‘Have you ever used a pistol?’
In an excerpt from her July 2, 2006 article in The Sunday Times, Christina Lamb writes about her experience of being caught in a fierce Taliban ambush while traveling with coalition troops in Afghanistan.
Afghans are the most hospitable people on earth, offering everything when they have nothing. I was thinking it was unlike them not to offer tea to visitors, but Major Blair seemed quite happy.
"I think that went well — they seemed quite friendly," he said to me as we walked away.
Almost immediately a burst of gunfire rang out from the ridge to the left where the Fire Support Group was deployed.
"We've had a contact," came the message over the radio.
They had spotted a gathering of 12-14 men all dressed in black and armed.
Two of the support group's vehicles had peeled off to try to intercept them; but as they did so rocket-propelled grenades started to rain in on the support base — followed by small arms fire.
For a moment, we stood staring up at the ridge listening to the gunfire and explosions. Then we started walking again through a field, looking for the bridge.
Within seconds we heard the staccato crack of Kalashnikovs. I threw myself into a ditch as bullets whizzed overhead.
"Helmets on!" shouted someone. "Put your f****** helmets on!"
I followed the paratroopers, running for our lives across the fields. The ground had been ploughed weeks before and had baked hard into dry, treacherous ridges. We stumbled over the furrows, with bullets and loud explosions all around us. I wished I were wearing camouflage instead of the blue press flak jacket and helmet that made me so visible.
I did not see Justin [the photographer] fall as we ran. He said: "I lost my footing and managed to turn onto my back as I ploughed into the ground, my body armor taking the impact of the fall.
"Looking up, a rocket-propelled grenade flew over our heads about 10-feet above, bursting in the field near a group of paras, who had made the sprint in better time.
"I struggled back to my knees in time to see the first mortar round land exactly where we had been only half a minute earlier. The troops returned fire. A prolonged burst of rapid machine gun and rifle fire. Then, using white phosphorus grenades as cover, they moved left to take up firing positions behind the ridge.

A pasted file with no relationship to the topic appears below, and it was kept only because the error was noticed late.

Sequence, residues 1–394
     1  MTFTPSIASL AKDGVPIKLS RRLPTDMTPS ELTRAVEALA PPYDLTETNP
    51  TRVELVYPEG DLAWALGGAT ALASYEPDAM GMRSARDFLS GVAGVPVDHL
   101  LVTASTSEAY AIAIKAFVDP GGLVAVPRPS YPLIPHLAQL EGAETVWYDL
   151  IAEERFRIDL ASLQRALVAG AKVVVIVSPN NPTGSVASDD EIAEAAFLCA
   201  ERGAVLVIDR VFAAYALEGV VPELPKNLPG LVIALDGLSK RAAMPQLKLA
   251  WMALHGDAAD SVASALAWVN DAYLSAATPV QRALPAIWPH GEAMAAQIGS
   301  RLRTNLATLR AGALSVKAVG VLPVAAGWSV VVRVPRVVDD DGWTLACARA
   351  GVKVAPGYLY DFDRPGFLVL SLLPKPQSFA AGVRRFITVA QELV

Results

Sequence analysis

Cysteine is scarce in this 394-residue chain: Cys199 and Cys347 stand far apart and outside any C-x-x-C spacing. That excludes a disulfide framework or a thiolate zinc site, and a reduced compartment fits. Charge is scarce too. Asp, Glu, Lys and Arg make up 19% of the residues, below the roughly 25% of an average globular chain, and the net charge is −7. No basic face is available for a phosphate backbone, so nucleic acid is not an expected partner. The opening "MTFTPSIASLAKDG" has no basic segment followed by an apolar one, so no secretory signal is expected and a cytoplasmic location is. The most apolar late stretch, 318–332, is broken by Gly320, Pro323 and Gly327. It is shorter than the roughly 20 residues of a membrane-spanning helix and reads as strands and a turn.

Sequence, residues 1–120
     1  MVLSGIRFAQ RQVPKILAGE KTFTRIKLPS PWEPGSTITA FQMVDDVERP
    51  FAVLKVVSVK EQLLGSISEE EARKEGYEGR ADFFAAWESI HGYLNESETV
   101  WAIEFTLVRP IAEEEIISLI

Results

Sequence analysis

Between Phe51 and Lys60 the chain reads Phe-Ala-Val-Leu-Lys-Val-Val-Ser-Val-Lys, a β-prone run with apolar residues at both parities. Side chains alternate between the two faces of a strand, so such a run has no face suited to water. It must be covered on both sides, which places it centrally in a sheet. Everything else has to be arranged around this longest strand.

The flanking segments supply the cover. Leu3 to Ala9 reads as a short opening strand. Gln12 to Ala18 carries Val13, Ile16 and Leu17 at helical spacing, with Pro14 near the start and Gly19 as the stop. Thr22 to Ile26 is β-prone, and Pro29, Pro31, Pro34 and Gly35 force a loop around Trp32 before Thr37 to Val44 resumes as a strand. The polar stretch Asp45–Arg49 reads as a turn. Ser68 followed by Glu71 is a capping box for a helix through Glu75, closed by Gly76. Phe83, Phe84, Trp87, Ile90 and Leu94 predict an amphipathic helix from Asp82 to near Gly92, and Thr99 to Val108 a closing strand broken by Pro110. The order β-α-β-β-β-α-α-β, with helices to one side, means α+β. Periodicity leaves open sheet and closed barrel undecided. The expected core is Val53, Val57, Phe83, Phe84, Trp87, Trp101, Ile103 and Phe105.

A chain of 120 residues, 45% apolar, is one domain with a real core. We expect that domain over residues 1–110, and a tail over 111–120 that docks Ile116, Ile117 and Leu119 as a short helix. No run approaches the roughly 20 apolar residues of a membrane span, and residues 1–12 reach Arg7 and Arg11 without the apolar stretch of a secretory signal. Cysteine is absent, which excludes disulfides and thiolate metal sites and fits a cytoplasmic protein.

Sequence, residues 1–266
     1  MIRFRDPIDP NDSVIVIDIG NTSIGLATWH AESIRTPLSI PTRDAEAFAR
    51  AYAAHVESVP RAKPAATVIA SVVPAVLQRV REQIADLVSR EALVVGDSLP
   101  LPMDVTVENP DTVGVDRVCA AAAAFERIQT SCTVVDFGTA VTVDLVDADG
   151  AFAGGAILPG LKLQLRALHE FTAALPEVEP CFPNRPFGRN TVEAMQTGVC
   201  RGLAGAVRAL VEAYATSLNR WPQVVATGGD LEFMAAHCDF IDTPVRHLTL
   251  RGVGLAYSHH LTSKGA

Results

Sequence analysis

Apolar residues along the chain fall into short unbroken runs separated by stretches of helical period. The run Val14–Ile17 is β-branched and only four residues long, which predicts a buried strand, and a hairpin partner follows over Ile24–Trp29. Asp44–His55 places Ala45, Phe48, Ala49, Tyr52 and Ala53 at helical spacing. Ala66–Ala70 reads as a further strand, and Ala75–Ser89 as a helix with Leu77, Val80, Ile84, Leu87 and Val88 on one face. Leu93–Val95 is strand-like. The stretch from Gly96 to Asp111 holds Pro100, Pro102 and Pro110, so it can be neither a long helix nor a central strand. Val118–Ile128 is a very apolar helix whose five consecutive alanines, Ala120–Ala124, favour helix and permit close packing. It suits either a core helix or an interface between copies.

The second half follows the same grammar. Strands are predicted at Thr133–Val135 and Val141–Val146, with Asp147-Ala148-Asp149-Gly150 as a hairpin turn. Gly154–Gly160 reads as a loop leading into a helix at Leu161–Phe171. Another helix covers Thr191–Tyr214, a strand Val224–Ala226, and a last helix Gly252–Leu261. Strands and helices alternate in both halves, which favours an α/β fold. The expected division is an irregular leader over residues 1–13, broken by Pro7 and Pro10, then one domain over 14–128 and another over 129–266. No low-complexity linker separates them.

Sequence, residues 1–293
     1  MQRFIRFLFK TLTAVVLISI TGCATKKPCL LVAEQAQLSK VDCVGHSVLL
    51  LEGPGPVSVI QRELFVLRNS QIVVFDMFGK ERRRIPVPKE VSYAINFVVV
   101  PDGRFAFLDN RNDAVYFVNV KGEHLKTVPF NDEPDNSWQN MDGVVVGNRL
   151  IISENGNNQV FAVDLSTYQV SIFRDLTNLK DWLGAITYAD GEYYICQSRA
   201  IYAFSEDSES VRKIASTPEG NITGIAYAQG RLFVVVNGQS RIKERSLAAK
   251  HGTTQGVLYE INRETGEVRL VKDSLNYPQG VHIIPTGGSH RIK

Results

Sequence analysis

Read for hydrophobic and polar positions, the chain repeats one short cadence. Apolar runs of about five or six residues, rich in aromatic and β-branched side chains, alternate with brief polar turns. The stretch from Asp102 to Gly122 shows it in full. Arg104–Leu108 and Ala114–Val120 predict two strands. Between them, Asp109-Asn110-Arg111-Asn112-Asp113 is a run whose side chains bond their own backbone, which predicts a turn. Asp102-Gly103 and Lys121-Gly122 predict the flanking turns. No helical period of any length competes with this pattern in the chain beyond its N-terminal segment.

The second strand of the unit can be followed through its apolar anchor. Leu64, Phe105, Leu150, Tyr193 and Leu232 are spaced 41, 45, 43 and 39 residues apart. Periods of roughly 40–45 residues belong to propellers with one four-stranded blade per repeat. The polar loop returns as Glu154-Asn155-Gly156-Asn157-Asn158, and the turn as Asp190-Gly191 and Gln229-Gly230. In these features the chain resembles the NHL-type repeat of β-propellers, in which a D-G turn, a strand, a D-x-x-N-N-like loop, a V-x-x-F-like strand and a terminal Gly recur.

"Again we were diving to the ground to avoid incoming fire, but this time it was to our left flank as well as the original direction. Feeling very exposed, we returned fire and ran back to a ridge along the field at right angles to our position.
"Once again we took incoming fire, this time from behind us. Their mortars seemed to be mercifully slow at retargeting, and they fell where we had just left."
All around me was shouting and screaming. The two platoons had been scattered by the ferocity of the ambush. In the deep ditches their radios were not working. The soldiers were releasing canisters of red or green smoke to show each other their positions, even though this would reveal them to the Taliban, too.
The firing came again and again, with hardly any break in between. The 8-feet deep irrigation ditches that criss-crossed the fields had turned into trenches. In and out of them we climbed, slipping and falling in the muddy water as the paras tried to regroup, yelling instructions I did not understand, such as "Go firm!," which means stay still.
"When we shout 'rapid fire,' run!" yelled Corporal Matt D'Arcy as we crouched in yet another ditch. "Rapid fire!" he screamed and, ears ringing amid a clatter of heavy fire that I could not identify as ours or theirs, I forced myself to climb out of the trench.
One of the Afghan interpreters stayed praying and moaning in the ditch until Private Deerans, the handsome South African, grabbed him by the collar and kicked him out. I thought about my husband, Paulo, and our six-year-old son, Loureno, back home in southwest London; of the World Cup birthday party Loureno was due to have this afternoon, and how stupid it would be to die in this muddy Helmand field from a Taliban bullet.
In my belt purse were some of Loureno's toy cars and pens he had given me for the "poor children of Afghanistan." I had taken them to the village but never got a chance to give them out. I had to survive, and the image of my son's face kept me running and jumping into yet another trench....
Courtesy of The Sunday Times.